Why I don’t use stock market games anymore

Stock market games, such as Virtual Stock Exchange, SmartStocks, Wall Street Survivor, or How the market works, seem like a good way of engaging students in an investments course. Students buy and sell stocks and are ranked by their performance.

However, I try to discourage my students from participating in these trading simulations as much as possible as they legitimize active trading, even though there is an unassailable theoretical argument that active investors lose out to passive investors on average, and very strong data showing that even professional active fund managers with strong incentives and vast resources get consistently beaten by the index, at least in developed countries with highly liquid stock markets. The notion that students can benefit from security selection is thus far fetched. Stock market games are a gateway drug.

I’d love to hear your opinion. Please leave a comment.


3 thoughts on “Why I don’t use stock market games anymore

  1. I use a trading game in my college investments course and I get the opposite outcome. I hold the S&P 500 and I force them to complete at least 3 trades per week. The vast majority of them do not beat my strategy and the ones who trade the most usually do the worst. The game is my strongest resource in teaching about efficient markets.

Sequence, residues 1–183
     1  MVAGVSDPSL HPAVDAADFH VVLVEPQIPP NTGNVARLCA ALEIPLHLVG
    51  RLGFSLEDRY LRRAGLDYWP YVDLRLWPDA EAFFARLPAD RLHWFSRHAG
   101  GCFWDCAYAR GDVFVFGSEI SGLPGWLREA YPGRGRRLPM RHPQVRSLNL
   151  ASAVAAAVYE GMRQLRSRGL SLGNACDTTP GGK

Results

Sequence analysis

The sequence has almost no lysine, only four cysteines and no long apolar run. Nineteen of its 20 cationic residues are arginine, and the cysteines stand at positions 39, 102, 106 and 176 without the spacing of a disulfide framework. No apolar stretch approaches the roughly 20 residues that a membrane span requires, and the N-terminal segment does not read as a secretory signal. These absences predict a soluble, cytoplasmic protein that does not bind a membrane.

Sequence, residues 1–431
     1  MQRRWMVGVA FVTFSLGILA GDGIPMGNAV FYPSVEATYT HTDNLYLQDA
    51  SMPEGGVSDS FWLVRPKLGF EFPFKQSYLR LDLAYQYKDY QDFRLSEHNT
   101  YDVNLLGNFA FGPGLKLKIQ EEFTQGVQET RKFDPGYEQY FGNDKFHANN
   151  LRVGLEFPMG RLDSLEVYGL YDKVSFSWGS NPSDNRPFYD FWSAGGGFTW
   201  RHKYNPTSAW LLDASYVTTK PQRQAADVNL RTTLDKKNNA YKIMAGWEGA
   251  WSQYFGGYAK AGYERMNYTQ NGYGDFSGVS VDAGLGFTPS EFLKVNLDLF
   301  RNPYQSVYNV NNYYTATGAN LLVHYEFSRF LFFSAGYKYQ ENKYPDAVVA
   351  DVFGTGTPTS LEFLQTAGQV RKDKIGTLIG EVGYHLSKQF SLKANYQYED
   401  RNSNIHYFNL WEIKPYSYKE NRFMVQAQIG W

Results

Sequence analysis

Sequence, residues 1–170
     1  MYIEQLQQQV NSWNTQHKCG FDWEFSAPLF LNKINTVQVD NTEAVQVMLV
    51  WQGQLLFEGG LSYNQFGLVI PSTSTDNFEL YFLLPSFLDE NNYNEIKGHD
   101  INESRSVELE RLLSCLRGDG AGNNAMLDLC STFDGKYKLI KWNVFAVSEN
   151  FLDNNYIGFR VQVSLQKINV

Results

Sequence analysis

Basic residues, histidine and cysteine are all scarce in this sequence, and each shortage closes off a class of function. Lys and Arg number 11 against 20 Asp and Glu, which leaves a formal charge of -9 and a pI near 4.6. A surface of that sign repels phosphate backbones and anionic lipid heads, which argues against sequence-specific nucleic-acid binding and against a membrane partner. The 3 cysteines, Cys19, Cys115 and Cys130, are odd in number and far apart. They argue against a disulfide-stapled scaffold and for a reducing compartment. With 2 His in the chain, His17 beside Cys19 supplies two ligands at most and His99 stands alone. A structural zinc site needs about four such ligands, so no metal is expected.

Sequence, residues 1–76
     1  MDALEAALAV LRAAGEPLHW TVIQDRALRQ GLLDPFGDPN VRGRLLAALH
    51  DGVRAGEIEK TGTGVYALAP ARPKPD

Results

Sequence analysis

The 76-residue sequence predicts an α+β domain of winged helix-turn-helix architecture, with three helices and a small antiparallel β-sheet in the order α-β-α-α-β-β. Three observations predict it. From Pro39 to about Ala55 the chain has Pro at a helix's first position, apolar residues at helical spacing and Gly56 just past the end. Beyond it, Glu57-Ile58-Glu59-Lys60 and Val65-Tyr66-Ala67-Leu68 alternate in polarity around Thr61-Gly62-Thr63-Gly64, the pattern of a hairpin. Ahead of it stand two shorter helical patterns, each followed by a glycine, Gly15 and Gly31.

1. Roger, do you give students any performance-related incentives to trade? I’m concerned that the few students who beat the index due to dumb luck attribute their success to their superior stock picking skills, or do they not do that based on your experience?


      1. Yes there is an incentive to play the game as they have to write a summary paper for 10% of the semester grade once the game is done. They are not graded on portfolio performance but can get bonus points for finishing in the top 3 or 5 depending on class size. This is for an Introduction to Investments class and is often the class finance students take after the first corporate finance class. The trading game starts very early in the semester before we discuss fundamental analysis, efficient markets, or behavioral finance in the class. They were exposed to some of these concepts in their first finance class. The point being that someone who signs up for Etrade wouldn’t necessary be aware of that knowledge earlier. I do not give any stock “tips”. I have had some outstanding papers written by students showing how their thought process concerning the stock market changed quite significantly during the semester.


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